Wednesday, 25 July 2018

Presenter, Facilitator, Trainer or Experiential Trainer?




In recent years I have come to notice that many businesses don’t know the difference between a presenter, a facilitator, a trainer or experiential trainer.
In fact, many still consider a training room to be an extension of a school classroom. 
This is the same as believing that a team-leader, a supervisor and a manager all do the same thing...

So to clarify: Who's who? 

Facilitator:
A facilitator is a person who makes the learning process easier. They often help a group of trainees to understand their common learning objectives and assist them to plan how to achieve these objectives. In doing so, the facilitator remains "neutral", meaning he/she does not take a particular position in the discussion. Facilitators don't necessarily need to have formal education in adult learning. 

Presenter:
A presenter is someone who performs a speech or presentation to a live audience, with less interaction with the learners. They are often subject experts and their (sometimes Power Point) presentation is deliberately structured with three general purposes: to inform, to persuade, to inspire and to entertain.


Trainer:
A trainer is able to design and provide training to fill gaps in knowledge that are identified and agreed on. Trainers focus on the foundations of adult education: establish existing knowledge, build on it and keep it relevant. The trainer focuses on learning for the group in face to face sessions and will use videos, group activities and binders with useful information to keep the trainees interested.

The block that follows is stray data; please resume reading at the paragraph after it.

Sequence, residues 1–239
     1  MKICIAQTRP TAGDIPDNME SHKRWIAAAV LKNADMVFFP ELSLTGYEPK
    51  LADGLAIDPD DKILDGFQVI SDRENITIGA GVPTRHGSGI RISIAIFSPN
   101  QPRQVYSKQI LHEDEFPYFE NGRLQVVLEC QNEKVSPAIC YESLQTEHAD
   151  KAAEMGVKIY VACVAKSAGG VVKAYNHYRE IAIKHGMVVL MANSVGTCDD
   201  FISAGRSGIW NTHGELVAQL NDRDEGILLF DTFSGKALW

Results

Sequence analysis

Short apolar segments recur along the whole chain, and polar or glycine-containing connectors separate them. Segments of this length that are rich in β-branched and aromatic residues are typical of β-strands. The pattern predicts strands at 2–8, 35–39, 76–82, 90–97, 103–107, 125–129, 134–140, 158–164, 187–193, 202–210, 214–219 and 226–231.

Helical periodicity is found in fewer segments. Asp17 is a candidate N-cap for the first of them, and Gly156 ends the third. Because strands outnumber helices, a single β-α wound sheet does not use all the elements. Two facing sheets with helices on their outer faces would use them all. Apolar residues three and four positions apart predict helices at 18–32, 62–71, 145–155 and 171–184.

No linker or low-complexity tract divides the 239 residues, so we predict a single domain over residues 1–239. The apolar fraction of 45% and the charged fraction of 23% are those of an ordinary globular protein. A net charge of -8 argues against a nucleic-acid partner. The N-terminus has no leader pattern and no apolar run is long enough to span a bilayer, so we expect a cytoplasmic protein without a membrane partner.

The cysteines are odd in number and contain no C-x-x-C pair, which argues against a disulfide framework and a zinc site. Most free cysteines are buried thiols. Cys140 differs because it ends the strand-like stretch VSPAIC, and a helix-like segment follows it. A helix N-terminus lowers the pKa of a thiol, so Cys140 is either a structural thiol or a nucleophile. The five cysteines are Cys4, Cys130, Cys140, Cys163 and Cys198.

Trainers will have formal education in adult learning principles and know that Kirkpatrick and SWOT are not from Star Trek. ;)

Experiential Trainer:
An experiential trainer is a trainer who knows the material well enough to improvise during the session in order to include the participants in the learning. 

They will readily change the session in order to help the needs of the participants. An experiential trainer will use different, interactive methods when designing and delivering a learning event. These methods* are connected to helping learners achieve their learning goals.

*Methods are for example: Reflection exercises on critical incidents, presentations on what has been learned, Role play sessions, Simulation & Drama based Activities, A project that develops ideas further, Group discussions and Feedback sessions & Stories that involve thinking about learning in the placement.


Like to know more about our in-company Experiential Training Programs for 2018-2019? Check out http://www.interactwa.com.au/training-workshops.html